The Gay Place

( 3 )

Overview

Set in Texas, The Gay Place consists of three interlocking novels, each with a different protagonist—a member of the state legislature, the state's junior senator, and the governor's press secretary. The governor himself, Arthur Fenstemaker, a master politician, infinitely canny and seductive, remains the dominant figure throughout.

Billy Lee Brammer—who served on Lyndon Johnson's staff—gives us here "the excitement of a political carnival: the...

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Overview

Set in Texas, The Gay Place consists of three interlocking novels, each with a different protagonist—a member of the state legislature, the state's junior senator, and the governor's press secretary. The governor himself, Arthur Fenstemaker, a master politician, infinitely canny and seductive, remains the dominant figure throughout.

Billy Lee Brammer—who served on Lyndon Johnson's staff—gives us here "the excitement of a political carnival: the sideshows, the freaks, and the ghoulish comedy atmosphere" (Saturday Review).

Originally published in 1961, The Gay Place is at once a cult classic and a major American novel.

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Editorial Reviews

Willie Morris
The best novel about American politics in our time.
New York Times Book Review
There are two classic American political novels. One is All the King's Men. . . . the other is The Gay Place, a stunning , original, intensely human novel inspired by Lyndon Johnson. . . . It will be read a hundred years from now.
— David Halberstam
Gore Vidal
An American classic in which a Johnsonian figure named Arthur 'Goddam' Fenstemaker strides through the pages, large, earthy, intelligent, threatening, working it seemed more often on the side of the angels than against them.
New York Times Book Review - David Halberstam
There are two classic American political novels. One is All the King's Men. . . . the other is The Gay Place, a stunning , original, intensely human novel inspired by Lyndon Johnson. . . . It will be read a hundred years from now.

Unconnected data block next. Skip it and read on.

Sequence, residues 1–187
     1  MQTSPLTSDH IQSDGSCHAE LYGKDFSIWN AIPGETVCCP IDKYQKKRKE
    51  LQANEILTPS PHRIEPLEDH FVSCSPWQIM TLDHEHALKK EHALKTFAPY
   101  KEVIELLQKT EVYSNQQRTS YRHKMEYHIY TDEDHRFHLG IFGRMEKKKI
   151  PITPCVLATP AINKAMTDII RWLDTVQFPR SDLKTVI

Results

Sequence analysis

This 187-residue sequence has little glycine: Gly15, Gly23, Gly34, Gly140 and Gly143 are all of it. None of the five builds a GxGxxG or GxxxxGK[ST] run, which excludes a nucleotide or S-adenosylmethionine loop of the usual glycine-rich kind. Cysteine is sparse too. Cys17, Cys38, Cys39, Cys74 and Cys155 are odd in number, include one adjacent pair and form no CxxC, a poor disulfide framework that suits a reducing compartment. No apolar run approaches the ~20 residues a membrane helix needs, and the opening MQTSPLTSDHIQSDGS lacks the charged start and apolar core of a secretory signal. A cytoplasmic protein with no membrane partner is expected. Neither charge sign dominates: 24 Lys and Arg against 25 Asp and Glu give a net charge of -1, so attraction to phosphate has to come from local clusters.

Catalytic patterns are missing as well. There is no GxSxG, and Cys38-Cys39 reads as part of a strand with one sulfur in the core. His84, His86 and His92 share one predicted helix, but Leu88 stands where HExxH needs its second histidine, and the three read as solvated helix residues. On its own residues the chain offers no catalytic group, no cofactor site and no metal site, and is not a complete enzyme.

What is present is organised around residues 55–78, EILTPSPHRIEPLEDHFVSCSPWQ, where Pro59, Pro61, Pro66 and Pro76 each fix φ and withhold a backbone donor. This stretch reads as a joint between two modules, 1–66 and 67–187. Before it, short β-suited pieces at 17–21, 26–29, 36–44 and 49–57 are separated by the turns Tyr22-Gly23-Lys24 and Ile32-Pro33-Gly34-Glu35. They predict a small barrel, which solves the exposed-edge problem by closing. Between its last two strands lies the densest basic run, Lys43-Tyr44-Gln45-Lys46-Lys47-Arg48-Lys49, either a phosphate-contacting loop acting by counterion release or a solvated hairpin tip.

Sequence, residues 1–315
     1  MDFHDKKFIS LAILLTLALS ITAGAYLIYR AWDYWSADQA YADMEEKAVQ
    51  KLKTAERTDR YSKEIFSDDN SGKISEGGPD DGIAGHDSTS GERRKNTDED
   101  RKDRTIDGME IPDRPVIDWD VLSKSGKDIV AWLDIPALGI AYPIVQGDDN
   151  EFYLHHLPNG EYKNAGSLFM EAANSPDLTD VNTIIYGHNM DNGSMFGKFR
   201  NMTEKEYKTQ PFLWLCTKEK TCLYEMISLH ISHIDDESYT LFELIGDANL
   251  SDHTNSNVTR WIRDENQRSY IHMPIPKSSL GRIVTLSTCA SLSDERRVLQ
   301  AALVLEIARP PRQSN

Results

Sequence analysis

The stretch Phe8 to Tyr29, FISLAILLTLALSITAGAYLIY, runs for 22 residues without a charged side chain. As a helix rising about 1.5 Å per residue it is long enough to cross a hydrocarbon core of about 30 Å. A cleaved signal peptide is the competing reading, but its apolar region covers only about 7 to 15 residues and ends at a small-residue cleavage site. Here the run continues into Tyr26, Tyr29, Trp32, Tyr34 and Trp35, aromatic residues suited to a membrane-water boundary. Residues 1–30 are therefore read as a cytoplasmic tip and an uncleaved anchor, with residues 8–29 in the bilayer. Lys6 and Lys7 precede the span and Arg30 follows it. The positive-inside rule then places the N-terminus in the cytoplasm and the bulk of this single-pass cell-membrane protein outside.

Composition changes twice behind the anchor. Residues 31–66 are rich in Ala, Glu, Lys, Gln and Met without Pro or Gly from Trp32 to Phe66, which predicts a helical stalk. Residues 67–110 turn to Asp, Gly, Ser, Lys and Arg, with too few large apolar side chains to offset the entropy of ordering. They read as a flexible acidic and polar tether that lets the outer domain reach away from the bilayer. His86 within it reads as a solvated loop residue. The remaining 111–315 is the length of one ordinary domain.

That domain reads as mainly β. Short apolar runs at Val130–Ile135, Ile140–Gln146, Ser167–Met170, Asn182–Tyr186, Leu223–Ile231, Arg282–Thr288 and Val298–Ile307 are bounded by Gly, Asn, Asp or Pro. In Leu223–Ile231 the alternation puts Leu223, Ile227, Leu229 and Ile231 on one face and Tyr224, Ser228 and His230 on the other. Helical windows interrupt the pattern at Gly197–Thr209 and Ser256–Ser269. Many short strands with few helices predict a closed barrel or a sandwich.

David Halberstam
There are two classic American political novels. One is All the King's Men….the other is The Gay Place, a stunning, original, intensely human novel inspired by Lyndon Johnson….It will be read a hundred years from now.
New York Times Book Review
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Product Details

  • ISBN-13: 9780292708310
  • Publisher: University of Texas Press
  • Publication date: 1/28/1994
  • Edition description: REPRINT
  • Edition number: 1
  • Pages: 526
  • Sales rank: 593,762
  • Product dimensions: 5.33 (w) x 8.19 (h) x 1.18 (d)

Table of Contents

Introduction
The Flea Circus
Room Enough to Caper
Country Pleasures
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Customer Reviews

Average Rating 3.5
( 3 )
Rating Distribution

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Sort by: Showing all of 3 Customer Reviews
  • Anonymous

    Posted March 12, 2003

    A boring book about boring people

    A book about young people more interested in drinking and making out than in the constituents the men (it *is* the '50s) represent . Small in scale, there's not a trace of the uplifting or the epic to be found, just chronicles of cheap affairs and a political scandal or two. I read more then half of it to give Brammer every chance, then I quit wasting my time.

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  • Anonymous

    Posted May 31, 2002

    Phenomenal

    The frequent comparison of Brammer to Fitzgerald is apt. Like Fitzgerald, Brammer writes beautifully, his stories are affecting and moving, and he was an alcoholic. The last similarity explains, unfortunately, why he never produced another book. Still, The Gay Place is an American political fiction classic. The second novella, Room Enough to Caper, about a young liberal U.S. Senator from Texas whose nascent political career is colliding with his collapsing marriage in 1950's Austin, is the best of the three. This is a book that will make all aspiring writers feel thoroughly inadequate.

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  • Anonymous

    Posted October 7, 2000

    Classic American Political Novel

    This is the second best American political novel--or series of short novels, really--after All the Kind's Men. Like ATKM, it is based on a real political figure, LBJ. Brammer writes like Scott Fitzgerald transplanted to Austin, and no one has ever done better than his picture of a legislature in action.

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